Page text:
Comparison methods consist of two phases, a ranking phase and a comparison phase. In the ranking phase all submissions are cross-compared. Each comparison gets a score assigned and is ultimately ranked by this score. The ranking phase results in a top N matches (50 by default, but this is configurable via the
-n argument). The limited scale of just N matches makes it possible to perform a more extensive and finer detailed comparison in the comparison phase. In this phase then, each match is again compared, but this time to produce a list of matching regions in each submission that match. These regions are ultimately shown and highlighted in the view.
Compare50 can, and by default will, use multiple comparison methods in a single run. However, the results are only ranked by the first listed comparison method. This restriction is in place to ensure exactly N matches at the end of a run. As each method of ranking could potentially produce a different top N matches, that if used in combination with each other could produce number_of_methods x N matches.
To configure how compare50 should compare, specify the methods of comparison with the
-p (passes) argument:
compare50 * -p structure text exact
The example above is the default comparison for compare50. It will rank all submissions by the structure comparison, and produce comparison views for the structure, text, and exact comparisons. To rank instead by the exact comparison, run compare50 like so:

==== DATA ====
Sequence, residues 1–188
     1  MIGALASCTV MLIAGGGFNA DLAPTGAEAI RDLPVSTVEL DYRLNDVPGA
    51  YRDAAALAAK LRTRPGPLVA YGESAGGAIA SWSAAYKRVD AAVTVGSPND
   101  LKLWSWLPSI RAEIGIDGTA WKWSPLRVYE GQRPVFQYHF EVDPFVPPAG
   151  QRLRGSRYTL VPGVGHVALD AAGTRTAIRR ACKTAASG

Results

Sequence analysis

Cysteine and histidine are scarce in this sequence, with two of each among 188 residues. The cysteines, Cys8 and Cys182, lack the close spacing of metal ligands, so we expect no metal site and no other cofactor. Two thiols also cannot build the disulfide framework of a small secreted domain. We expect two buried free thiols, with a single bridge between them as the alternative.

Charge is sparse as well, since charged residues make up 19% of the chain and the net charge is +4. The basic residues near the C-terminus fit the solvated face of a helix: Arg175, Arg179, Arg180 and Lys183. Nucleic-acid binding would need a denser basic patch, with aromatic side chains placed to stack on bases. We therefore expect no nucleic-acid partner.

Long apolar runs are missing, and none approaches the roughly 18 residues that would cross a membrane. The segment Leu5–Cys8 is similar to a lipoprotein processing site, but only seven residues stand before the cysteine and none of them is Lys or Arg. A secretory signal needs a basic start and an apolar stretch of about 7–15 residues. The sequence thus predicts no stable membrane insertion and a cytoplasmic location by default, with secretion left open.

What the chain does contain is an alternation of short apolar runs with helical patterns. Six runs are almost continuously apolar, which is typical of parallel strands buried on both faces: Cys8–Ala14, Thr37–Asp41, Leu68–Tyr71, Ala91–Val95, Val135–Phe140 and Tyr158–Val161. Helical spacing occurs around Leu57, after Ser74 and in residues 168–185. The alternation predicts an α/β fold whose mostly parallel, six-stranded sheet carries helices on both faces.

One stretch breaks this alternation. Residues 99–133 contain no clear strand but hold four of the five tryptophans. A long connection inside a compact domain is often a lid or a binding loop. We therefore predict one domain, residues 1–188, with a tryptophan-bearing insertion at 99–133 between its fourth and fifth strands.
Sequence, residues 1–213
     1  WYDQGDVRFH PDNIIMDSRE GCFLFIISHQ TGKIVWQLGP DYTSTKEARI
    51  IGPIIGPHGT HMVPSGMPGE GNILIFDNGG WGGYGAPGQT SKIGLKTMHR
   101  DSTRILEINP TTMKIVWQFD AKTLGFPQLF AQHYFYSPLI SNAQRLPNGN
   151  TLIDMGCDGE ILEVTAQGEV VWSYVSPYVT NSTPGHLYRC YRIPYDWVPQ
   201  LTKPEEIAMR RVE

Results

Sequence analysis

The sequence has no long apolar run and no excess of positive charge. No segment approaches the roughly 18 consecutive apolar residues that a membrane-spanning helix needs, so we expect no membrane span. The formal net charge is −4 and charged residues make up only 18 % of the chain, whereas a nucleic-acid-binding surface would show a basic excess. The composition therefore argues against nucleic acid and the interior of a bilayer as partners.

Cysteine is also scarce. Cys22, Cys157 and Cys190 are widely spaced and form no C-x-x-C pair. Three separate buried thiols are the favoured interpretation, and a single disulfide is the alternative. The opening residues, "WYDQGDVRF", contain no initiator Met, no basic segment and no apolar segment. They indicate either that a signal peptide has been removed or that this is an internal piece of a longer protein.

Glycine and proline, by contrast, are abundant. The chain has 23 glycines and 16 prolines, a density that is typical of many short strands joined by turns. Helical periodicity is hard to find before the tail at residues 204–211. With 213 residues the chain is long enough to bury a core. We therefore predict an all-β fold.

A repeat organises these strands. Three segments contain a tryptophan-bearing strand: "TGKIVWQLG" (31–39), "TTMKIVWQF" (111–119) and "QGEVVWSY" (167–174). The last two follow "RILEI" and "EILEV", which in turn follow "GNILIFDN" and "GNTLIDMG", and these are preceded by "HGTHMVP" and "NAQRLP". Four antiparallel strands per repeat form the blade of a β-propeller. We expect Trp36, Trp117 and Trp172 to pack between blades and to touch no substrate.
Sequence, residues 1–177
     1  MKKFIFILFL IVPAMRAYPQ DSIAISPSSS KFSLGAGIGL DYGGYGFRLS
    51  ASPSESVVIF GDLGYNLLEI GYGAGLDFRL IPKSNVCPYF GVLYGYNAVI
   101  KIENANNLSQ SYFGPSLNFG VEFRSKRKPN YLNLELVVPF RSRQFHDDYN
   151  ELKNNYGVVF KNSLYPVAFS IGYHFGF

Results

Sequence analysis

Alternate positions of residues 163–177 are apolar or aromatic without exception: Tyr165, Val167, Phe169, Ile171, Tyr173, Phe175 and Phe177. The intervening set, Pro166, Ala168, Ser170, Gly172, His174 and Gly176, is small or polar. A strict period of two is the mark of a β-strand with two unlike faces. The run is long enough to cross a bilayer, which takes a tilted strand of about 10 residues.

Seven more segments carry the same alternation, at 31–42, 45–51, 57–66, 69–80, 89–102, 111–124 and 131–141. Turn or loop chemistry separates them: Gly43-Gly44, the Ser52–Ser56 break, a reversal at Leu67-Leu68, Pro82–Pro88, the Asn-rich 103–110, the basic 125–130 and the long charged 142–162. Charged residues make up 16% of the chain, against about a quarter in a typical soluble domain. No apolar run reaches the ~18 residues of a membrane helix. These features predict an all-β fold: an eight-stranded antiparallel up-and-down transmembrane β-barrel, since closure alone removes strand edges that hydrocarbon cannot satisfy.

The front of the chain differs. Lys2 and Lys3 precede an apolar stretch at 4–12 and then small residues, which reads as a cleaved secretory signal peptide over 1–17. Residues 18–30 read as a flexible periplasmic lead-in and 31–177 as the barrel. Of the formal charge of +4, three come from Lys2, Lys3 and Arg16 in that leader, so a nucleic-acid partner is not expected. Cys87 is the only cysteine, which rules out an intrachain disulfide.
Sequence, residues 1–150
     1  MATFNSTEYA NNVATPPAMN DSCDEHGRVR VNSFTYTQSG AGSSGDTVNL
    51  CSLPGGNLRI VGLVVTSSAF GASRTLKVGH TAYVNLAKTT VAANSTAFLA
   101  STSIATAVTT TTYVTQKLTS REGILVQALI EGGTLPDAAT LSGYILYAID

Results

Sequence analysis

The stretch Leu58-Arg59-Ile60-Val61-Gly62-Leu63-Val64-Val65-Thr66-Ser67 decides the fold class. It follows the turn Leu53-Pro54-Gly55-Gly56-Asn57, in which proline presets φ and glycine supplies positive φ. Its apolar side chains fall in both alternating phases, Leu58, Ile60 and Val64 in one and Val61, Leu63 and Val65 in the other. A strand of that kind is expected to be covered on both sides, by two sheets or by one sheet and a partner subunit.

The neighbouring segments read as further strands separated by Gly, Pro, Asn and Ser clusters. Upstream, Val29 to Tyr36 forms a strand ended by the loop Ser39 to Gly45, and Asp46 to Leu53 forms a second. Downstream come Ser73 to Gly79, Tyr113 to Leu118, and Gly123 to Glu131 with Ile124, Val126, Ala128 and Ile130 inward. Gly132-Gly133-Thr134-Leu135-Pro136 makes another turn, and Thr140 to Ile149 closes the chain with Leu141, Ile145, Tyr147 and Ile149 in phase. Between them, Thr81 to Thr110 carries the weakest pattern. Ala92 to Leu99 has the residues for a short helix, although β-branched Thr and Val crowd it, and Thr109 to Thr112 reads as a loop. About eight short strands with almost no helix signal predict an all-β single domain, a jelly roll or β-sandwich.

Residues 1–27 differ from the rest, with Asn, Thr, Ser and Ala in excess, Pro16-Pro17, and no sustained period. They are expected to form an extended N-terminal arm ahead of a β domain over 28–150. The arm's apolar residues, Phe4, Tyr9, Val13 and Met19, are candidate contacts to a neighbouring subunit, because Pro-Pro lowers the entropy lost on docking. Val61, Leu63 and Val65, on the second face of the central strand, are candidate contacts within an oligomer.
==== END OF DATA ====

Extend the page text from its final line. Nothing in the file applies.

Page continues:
compare50 * -p exact structure text
All configurable options¶
$ compare50 --help usage: compare50 [-h] [-a ARCHIVE [ARCHIVE ...]] [-d DISTRO [DISTRO ...]] [-p PASSES [PASSES ...]] [-i INCLUDE [INCLUDE ...]] [-x EXCLUDE [EXCLUDE ...]] [--list] [-o OUTPUT] [-v] [-n MATCHES] [--max-file-size MAX_FILE_SIZE] [--profile] [--debug] [-V] submissions [submissions ...] positional arguments: submissions Paths to submissions to compare optional arguments: -h, --help show this help message and exit -a ARCHIVE [ARCHIVE ...], --archive ARCHIVE [ARCHIVE ...] Paths to archive submissions. Archive submissions are not compared against other archive submissions, only against regular submissions. -d DISTRO [DISTRO ...], --distro DISTRO [DISTRO ...] Paths to distribution files. Contents of these files are stripped from submissions. -p PASSES [PASSES ...], --passes PASSES [PASSES ...] Specify which passes to use. compare50 ranks only by the first pass, but will render views for every pass. -i INCLUDE [INCLUDE ...], --include INCLUDE [INCLUDE ...] Globbing patterns to include from every submission. Includes everything (*) by default. Make sure to quote your patterns to escape any shell globbing! -x EXCLUDE [EXCLUDE ...], --exclude EXCLUDE [EXCLUDE ...] Globbing patterns to exclude from every submission. Nothing is excluded by default. Make sure to quote your patterns to escape any shell globbing! --list List all available passes and exit. -o OUTPUT, --output OUTPUT location of compare50's output -v, --verbose display the full tracebacks of any errors -n MATCHES number of matches to output --max-file-size MAX_FILE_SIZE maximum allowed file size in KiB (default 1024 KiB) --profile profile compare50 (development only, requires line_profiler, implies debug) --debug don't run anything in parallel, disable progress bar -V, --version show program's version number and exit